Nepal Minute - out of the ordinary


Despite efforts to clean up and restore its natural beauty, the Bagmati river continues to remain polluted and filthy, its banks filled with heaps of trash and garbage.

Much has been written about the state of Bagmati by Nepali and international journalists. Two international news outlets yet again shone the spotlight on the state of one of the subcontinent’s holiest rivers.

Also read: Nepal's holy river choked with black sewage, trash

Officials say efforts are on to build waste-water treatment plants, resolve Kathmandu valley’s seemingly never-ending garbage problem, and restore the river’s glory.

That may take some more time.

Meanwhile, the river’s banks are showing some signs of changing - thanks to recent initiatives to develop parks, walking paths, and football grounds. There, you can see locals walking, jogging, or just sitting, enjoying the fresh air and, wherever possible, some greenery.

From river-side paths and parks in the Gokarneshwor area to the new football ground in Kupondole, here's a quick list of parks and grounds that now dot the Bagmati corridor landscape:

Chyasal stadium

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Chyasal Stadium, Photo: Google Earth  

What used to be the barren land near the confluence of the Bagmati and Manohara rivers until not so long ago is now a fine stadium.

The Chyasal stadium located in Chyasal, Lalitpur was built in 2002, with the support of FIFA's soccer development project in South Asia.

In 2017, the National Sports Council decided to upgrade the training grounds into a functional football stadium.

The construction of the multi-purpose stadium was completed in 2021. It is mainly used for football matches and has a grass playing surface. It is smaller than any other stadium in Nepal but has become a nice and quiet place for young students and athletes to hone their footballing skills.

Shankhamul Park

Shankhamul Park as seen from Shankhamul bridge. Photo: Babita Neupane 

Slightly west of Chyasal stadium is the holy place called Sankhamul. A few hundred meters west of the temples sits the Shankhamul park, a golden conch shining brightly atop a tower.

The park was built in 2014 by the Non-Resident Nepali Association in the Shankhamul ghat.

The entrance is free.

Once inside, you can sit amidst flowers and green grass and enjoy views of the Bagmati and parts of Kathmandu and Lalitpur cities.

The UN Park

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 UN Park, Photo: Google Earth 

Sprawling the southern banks of the Bagmati east of the Thapathali Bridge, the United Nations Park (UN Park) boasts a rare green block of green trees not seen anywhere nearby amidst the concrete jungles of the twin cities: Kathmandu and Lalitpur.

Spread across nearly 1600 Ropanis of land the park was inaugurated way back in the mid-1990s but completed much later after nearly two decades. Today, the Park has become an urban oasis, attracting locals and visitors who enjoy a variety of activities from dawn to dusk.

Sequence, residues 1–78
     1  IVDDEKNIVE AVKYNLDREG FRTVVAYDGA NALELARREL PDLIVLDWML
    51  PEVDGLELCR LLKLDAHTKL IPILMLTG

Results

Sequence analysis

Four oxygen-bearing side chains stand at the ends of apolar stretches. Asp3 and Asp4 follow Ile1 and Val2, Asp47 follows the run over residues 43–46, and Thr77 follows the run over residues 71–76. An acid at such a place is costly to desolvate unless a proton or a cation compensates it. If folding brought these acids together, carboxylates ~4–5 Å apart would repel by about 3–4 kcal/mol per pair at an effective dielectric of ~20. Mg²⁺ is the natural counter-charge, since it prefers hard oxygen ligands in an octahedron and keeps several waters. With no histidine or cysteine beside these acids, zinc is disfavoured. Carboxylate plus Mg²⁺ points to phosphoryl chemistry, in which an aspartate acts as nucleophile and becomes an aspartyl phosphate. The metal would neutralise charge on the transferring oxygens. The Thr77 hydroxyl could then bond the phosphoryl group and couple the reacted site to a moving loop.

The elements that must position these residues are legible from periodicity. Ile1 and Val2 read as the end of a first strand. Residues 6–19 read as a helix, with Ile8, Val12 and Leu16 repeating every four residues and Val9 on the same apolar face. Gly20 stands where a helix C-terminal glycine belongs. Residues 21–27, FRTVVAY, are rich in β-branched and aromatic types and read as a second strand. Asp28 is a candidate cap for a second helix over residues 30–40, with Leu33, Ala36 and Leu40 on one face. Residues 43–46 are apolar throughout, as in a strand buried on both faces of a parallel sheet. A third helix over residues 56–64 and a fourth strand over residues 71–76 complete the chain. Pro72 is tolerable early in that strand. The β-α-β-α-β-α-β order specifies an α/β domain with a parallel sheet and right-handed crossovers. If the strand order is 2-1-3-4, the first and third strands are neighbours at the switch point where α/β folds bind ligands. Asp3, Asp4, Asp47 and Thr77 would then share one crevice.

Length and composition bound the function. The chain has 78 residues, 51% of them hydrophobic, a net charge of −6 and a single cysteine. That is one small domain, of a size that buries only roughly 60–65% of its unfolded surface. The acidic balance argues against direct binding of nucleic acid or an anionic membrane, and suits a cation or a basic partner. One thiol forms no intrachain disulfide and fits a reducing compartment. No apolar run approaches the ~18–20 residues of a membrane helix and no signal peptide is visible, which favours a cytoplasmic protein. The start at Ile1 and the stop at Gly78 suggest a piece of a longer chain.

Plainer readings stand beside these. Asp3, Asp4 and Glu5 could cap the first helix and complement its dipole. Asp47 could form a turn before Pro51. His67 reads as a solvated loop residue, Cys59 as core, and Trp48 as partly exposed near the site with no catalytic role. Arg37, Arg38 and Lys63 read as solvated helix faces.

Besides young lovebirds and wannabe TikTok stars, the park has turned into a haven for yoga and Zumba groups – and not to forget local joggers and walkers.

Kupondole ground

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A new foodball ground is being built on the southern bank of the Bagmati in Kupandole. Photo: Babita Neupane

From UN Park one can walk towards the Thapathali Bagmati bridge in Kupondole where walls are being built in the Bagmati corridor as part of a beautification campaign.

Once the area was used as a cremation ghat by locals but now walls are being built at the edge of the river to make room for a new walking path.

West of the Thapathali Bagmati bridge, a new river-side football ground is being built, and you may have noticed the greenery while passing by.

According to the Information officer of the High Powered Committee for Integrated Development of the Bagmati Civilization, Kamal Aryal, the government is planning to build parks, open spaces, footpaths, public toilets, and cycle lanes along the banks.


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 Naya basti, Photo: Google Earth

North of the Pashupati Area, locals and visitors have started enjoying river-side paths and parks that are being built to beautify the banks.

The beautification campaign of the Gokarna-Guheshwori section comes under The Bagmati River Basin Improvement Project (BRBIP).

It was implemented by loan and grant from ADB with the objective of improving the conditions of sacred river Bagmati including eleven one-meter check dams/weirs between Gokarna and Sinamangal Bridge for river bed stabilisation.

The aim is to Replace the gabion walls with river walls over 6.1 kilometres from Gokarna to Guheshwori and provision of river walls over a stretch of 1100 metres from Tilganga to Sinamangal Bridge for river bank stabilisation and flood protection on either side of the road.

Likewise, enhancement, management, and beautification of the riparian banks (green zones with footpaths and bicycle lanes and amenities areas) which are under government ownership from Tilganga to Sinamangal Bridge are taking place.

Construction of the Bagmati Corridor began in 2009 but for 10 long years, it got delayed. It never met its aim to provide safety, security, and natural beauty to the Bagmati river.

After a decade, the beautification campaign was restarted in September 2019 and is set to be finished in December 2022. The High Powered Committee for Integrated Development of the Bagmati Civilisation is currently in a rush to finish the work.

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